Based on my MFSDA primary results, I looked at the different p-values (guessing that pvalue_Group Center Sex Age Education = p-values for group comparison corrected with the four covariates; pvalue_1 = interaction test (maybe as interaction test in shapeAnalysisMANCOVA) between shape and covariate #1 corrected with the 3 other covariates; etc.) and found that Sex was the covariate which interacted the lesser with shape. So, I launched MFSDA and MANCOVA analyses with only this covariate (I tried without any covariate, but MFSDA led to no result if no covariate is given; I think it is normal as long as MFSDA is called “Covariate significance testing” in SlicerSALT, implying at least one covariate should be given. However, it may be useful to other users to know it). The results (attached files) are quite different… Of course, Sex was the covariate which interacted the lesser with shape among my covariates, it doesn’t mean it interacted weakly with shape. However, it seems that MANCOVA leads to more frequent and extensive deformation clusters. I read that SPHARM-PDM seems to be quite inconsistent. Maybe, using more powerful statistical analysis like MFSDA could provide more reliable results, but it is still to be understood and MFSDA seems quite complicated.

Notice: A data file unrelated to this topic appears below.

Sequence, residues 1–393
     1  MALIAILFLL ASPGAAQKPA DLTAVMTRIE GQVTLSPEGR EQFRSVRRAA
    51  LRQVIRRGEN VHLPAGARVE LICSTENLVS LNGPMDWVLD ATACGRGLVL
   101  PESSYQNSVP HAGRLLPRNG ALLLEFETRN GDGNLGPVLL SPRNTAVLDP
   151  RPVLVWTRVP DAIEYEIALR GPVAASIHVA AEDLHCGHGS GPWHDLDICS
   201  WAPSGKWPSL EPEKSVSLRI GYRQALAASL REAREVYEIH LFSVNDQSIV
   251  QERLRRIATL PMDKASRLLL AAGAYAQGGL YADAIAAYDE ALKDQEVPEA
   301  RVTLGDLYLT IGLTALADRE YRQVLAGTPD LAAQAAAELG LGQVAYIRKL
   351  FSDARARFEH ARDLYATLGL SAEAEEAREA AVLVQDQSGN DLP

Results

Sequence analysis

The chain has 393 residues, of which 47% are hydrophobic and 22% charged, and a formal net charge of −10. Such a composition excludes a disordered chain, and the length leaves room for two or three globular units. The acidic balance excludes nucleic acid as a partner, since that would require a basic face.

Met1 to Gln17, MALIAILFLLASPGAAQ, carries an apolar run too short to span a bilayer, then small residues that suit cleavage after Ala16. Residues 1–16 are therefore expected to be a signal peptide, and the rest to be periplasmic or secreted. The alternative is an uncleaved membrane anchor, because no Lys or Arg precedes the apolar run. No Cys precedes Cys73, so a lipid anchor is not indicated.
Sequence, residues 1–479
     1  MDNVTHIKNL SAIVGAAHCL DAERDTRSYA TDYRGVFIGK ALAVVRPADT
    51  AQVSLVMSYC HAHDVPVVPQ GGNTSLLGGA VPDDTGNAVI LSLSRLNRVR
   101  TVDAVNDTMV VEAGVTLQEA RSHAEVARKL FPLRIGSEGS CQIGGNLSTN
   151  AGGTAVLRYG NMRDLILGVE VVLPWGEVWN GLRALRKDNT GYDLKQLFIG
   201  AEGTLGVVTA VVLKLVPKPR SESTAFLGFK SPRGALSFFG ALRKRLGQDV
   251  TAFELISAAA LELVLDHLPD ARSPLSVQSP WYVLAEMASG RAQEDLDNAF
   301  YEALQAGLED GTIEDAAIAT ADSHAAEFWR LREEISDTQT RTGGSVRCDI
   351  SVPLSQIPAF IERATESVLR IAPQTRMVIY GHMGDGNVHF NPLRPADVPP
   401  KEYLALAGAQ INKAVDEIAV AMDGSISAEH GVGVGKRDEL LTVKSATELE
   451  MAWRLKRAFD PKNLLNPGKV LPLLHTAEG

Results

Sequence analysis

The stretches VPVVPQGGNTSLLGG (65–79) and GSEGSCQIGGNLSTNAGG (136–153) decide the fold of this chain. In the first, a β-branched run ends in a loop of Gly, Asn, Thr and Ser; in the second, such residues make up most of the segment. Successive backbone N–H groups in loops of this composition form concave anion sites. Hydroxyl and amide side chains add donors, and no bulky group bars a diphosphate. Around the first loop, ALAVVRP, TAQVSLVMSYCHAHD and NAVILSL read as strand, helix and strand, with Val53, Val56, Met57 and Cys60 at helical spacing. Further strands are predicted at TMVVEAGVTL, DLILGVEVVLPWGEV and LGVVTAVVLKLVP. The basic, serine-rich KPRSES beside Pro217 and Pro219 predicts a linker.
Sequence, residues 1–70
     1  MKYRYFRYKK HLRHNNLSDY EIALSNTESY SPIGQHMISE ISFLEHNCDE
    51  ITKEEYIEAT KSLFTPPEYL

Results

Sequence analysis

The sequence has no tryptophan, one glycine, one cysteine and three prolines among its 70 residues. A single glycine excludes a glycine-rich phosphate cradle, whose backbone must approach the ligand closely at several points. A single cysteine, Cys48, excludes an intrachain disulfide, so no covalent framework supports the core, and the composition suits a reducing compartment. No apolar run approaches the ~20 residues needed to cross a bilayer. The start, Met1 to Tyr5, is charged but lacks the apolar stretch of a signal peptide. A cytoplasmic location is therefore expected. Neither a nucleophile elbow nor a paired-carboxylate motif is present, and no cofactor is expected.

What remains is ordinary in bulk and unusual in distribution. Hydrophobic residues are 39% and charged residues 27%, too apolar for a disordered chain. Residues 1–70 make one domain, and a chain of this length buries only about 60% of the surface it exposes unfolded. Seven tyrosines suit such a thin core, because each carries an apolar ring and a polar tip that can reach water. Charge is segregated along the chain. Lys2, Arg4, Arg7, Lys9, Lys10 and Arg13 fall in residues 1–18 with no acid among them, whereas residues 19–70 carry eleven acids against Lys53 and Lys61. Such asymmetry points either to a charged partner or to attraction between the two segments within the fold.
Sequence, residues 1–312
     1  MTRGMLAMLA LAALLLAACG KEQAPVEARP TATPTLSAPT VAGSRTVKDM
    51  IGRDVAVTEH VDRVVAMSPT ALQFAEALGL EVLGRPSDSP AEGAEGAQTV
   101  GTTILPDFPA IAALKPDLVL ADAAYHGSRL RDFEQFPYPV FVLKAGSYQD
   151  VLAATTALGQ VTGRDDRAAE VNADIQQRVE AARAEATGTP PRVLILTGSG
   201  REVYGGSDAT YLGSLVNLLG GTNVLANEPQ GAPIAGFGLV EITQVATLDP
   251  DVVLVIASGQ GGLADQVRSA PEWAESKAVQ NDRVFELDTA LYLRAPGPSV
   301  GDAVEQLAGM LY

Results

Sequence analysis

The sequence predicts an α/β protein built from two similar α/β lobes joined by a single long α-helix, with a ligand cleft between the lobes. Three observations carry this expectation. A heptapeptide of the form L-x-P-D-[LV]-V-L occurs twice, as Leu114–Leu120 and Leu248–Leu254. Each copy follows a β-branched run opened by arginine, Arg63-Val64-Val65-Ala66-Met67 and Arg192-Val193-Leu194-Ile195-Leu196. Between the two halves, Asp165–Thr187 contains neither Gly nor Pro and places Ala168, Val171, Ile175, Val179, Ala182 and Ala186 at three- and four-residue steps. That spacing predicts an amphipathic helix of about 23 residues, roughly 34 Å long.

Is there a statistical correction applied in the MFSDA? Or maybe it is not needed with this method? Having 4 different groups, it leads to 6 comparisons for each structure (8 structures in total). If there is no statistical correction in MFSDA, maybe I should at least apply a correction for these 48 comparisons. What do you think? And, if needed, how to compute it?

Finally, how to compute partial correlation between shape results and a cognitive z-score when we use MFSDA analyses? Do I have to launch Covariate significance test with the Z-score as a new covariate and look at the p-value associated with it?

Thank you very much for your help.
Wish you a pleasant day,

Quentin

Hi Quentin
Not sure I was able to follow everything